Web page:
As a rental property owner, you’ve probably heard your fair share of squatting horror stories.
But what exactly is squatting? And what are squatters’ rights in Fort Collins?
In this article, we’ll explore the legal definition of squatting, delve into the history of squatters’ rights in Fort Collins, outline how squatters' rights work, and discuss ways to protect your property from squatters.
Let’s dive in!
Disclaimer: The information provided in this blog does not, and is not intended to, constitute legal advice; instead, all information, content, and materials available in this blog are for general informational purposes only.
The Legal Definition of Squatting
Squatting, also known as adverse possession, means living in or taking possession of a property that belongs to someone else, without their permission. In Fort Collins, squatters may attempt to gain legal ownership of a property by satisfying specific legal requirements defined by adverse possession laws.
The History of Squatting Laws in Colorado
In the state’s early, Wild West days, squatting was a common practice, and Colorado had much more lenient regulations regarding adverse possession. Individuals would settle on unclaimed lands and establish their homes and livelihoods. This was often done out of necessity, as settlers sought to build a better life for themselves and their families. Basically, at that time, squatters were pioneers.
As Colorado and Fort Collins grew and became more urbanized, though, the government recognized the need to establish clear property rights and boundaries. This led to the implementation of laws and regulations surrounding squatting and adverse possession.
Over the years, the legal landscape has changed significantly. The state of Colorado has tightened its grip on property ownership, making it more challenging for squatters to successfully claim adverse possession. This shift reflects evolving societal values and the desire to protect property rights.
The Difference Between Trespassing and Squatting
While trespassing and squatting may seem similar, they are legally distinct. Trespassing typically refers to the act of entering someone else's property without permission, while squatting involves the continuous occupation of a property without ownership or authorization.
Trespassing is generally considered a criminal offense and can result in legal consequences such as fines or imprisonment. Squatting, on the other hand, involves a more complex legal situation. It is not simply a matter of trespassing, but rather a prolonged occupation of a property without the owner's consent. Squatters may argue that they have fulfilled the requirements for adverse possession, which can vary depending on the jurisdiction.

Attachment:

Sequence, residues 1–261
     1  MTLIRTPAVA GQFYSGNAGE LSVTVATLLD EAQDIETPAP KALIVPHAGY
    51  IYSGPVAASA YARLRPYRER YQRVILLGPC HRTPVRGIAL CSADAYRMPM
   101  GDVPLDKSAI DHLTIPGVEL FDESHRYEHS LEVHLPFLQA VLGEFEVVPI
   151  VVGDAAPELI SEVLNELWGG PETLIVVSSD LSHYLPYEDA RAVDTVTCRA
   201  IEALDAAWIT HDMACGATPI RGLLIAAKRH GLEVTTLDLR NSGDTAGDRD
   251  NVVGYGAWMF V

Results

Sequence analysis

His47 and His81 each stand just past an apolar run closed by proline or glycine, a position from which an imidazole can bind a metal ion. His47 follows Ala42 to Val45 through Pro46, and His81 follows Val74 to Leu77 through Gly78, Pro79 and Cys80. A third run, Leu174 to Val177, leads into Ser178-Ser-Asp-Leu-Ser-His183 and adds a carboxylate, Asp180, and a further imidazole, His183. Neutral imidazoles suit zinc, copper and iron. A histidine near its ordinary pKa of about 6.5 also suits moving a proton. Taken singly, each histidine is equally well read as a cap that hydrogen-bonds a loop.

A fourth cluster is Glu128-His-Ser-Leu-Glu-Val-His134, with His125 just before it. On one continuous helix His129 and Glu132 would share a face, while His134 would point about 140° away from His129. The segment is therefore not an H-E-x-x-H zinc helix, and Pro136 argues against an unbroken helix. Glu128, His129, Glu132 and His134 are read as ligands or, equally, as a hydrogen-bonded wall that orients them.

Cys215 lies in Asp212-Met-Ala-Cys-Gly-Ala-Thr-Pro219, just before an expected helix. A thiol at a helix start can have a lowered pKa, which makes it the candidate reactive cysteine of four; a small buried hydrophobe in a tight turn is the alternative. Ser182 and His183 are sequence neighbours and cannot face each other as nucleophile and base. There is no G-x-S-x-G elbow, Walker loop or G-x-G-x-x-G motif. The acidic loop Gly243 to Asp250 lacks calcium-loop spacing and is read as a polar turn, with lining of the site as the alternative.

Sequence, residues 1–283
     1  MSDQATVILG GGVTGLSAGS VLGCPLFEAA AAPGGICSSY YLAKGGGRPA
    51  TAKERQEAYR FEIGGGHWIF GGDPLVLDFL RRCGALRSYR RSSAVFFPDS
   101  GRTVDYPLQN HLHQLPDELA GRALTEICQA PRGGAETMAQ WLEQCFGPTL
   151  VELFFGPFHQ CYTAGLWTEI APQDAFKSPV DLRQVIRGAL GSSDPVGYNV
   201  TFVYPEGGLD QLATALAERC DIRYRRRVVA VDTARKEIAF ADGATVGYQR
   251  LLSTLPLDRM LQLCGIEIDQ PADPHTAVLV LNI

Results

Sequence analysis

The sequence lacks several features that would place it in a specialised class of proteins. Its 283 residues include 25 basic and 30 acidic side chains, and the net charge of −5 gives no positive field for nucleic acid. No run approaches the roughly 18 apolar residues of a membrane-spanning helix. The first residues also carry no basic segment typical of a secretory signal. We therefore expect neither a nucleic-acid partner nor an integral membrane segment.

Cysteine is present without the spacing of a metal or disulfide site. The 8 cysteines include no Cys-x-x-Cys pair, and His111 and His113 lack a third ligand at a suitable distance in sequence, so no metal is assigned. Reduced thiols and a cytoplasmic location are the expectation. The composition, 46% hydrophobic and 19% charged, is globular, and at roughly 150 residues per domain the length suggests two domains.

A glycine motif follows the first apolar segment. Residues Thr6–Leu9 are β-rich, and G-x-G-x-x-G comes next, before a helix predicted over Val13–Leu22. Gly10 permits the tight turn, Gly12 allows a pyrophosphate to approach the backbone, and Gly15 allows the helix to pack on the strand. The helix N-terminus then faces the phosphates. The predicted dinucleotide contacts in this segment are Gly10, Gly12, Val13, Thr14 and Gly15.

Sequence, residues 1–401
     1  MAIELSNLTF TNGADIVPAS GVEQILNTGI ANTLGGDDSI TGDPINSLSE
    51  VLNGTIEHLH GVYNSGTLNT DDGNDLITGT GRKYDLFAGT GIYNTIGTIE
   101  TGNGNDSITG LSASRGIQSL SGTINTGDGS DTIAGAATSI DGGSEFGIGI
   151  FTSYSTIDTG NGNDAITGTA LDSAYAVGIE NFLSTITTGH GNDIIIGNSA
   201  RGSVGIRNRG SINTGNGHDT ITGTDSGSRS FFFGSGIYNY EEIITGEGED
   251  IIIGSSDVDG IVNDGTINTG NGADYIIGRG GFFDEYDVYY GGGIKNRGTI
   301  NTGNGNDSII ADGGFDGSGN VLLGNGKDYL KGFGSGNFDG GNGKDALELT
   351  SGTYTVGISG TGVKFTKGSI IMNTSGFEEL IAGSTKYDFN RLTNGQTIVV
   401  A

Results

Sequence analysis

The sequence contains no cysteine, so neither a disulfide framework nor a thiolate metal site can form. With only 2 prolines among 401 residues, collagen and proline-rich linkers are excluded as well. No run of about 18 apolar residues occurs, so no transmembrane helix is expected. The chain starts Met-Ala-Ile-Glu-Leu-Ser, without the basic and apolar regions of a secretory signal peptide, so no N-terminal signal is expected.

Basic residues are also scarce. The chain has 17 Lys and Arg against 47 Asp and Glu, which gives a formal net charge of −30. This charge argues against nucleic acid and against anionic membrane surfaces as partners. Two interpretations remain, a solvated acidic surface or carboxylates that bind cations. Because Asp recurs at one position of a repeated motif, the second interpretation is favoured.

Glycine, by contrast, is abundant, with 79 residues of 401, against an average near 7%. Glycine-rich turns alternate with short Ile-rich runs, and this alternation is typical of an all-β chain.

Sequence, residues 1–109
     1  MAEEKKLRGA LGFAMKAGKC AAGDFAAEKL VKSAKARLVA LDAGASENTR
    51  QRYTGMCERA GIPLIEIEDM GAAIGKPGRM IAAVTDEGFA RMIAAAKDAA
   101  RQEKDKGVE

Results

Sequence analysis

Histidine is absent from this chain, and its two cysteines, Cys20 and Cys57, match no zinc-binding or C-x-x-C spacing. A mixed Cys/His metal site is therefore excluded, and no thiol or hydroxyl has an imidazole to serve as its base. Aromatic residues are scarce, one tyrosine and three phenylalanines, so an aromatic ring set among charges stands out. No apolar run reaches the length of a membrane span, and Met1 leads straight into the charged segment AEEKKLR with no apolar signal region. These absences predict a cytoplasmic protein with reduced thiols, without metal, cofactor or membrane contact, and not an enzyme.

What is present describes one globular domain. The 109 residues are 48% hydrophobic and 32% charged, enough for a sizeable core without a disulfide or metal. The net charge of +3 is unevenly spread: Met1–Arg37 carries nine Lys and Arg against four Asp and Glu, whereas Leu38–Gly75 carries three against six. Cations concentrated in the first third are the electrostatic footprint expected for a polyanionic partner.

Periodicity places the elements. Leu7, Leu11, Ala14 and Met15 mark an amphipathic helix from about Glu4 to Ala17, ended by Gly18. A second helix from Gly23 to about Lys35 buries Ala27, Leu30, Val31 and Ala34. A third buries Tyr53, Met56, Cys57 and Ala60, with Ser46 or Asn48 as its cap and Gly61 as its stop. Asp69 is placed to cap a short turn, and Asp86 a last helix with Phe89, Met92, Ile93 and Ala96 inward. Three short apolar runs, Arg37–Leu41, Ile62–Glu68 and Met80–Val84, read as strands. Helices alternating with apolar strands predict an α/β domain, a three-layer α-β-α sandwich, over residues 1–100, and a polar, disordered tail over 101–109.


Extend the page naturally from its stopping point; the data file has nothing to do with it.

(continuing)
The laws regarding squatting and adverse possession differ from state to state and even within different municipalities. That means that the rules might be different in Fort Collins than, say, Boulder. As a property owner, it’s critical that you are informed about local laws and seek legal advice if faced with a squatting situation.
The Process of Adverse Possession in Fort Collins
The Colorado adverse possession law defines specific requirements for individuals seeking to claim ownership through adverse possession. These requirements typically include open and notorious possession, continuous occupation for a minimum of 18 years, or for seven years with color of title and payment of property taxes.
Adverse possession claims require strong evidence to support the squatter's case. The burden of proof lies with the squatter, who must demonstrate that they have met all the necessary requirements and acted in good faith.
But hey, we’re property managers, not lawyers! Be sure to speak with a Fort Collins-based real estate attorney to confirm these requirements and determine whether they apply to your situation.
Rights and Protections for Squatters
Although squatters operate outside of the bounds of legal ownership, they still have certain rights and protections under Colorado law.
Squatters’ Rights in Fort Collins
Despite the illicit nature of squatting, Fort Collins provides limited protection for squatters. The law typically requires property owners to follow strict eviction procedures before forcibly removing squatters.
How Property Owners Can Prevent Squatting
Property owners in Fort Collins have various options and strategies to prevent squatters from occupying their properties illegally.
Regular Property Inspections and Maintenance
Regular inspections and maintenance are essential for property owners to identify any unauthorized occupants or signs of squatting. Prompt action can help prevent potential adverse possession claims.
If you live out-of-state, or if you’re just not up to the task, a property management company can do this on your behalf.
Legal Actions Against Squatters
Property owners have legal remedies available to handle squatters effectively. This can include initiating eviction proceedings, obtaining court orders, and seeking assistance from law enforcement to regain control of the property.
Remember: Speak with a legal professional before taking any action.
Final Thoughts: Squatters’ Rights in Fort Collins
In conclusion, understanding squatters' rights in Fort Collins is critical for rental property owners. By understanding adverse possession, the rights and protections for squatters, and the actions property owners can take to prevent and evict squatters, all parties involved can navigate this complex issue more effectively. Remaining vigilant, conducting regular property inspections, and seeking legal guidance when needed will help you maintain the security and integrity of your property.
Looking for a Property Management Company in Fort Collins?
Need help with squatters, marketing, maintenance, and more? Evernest Fort Collins is here to help! Contact our local team to get started today.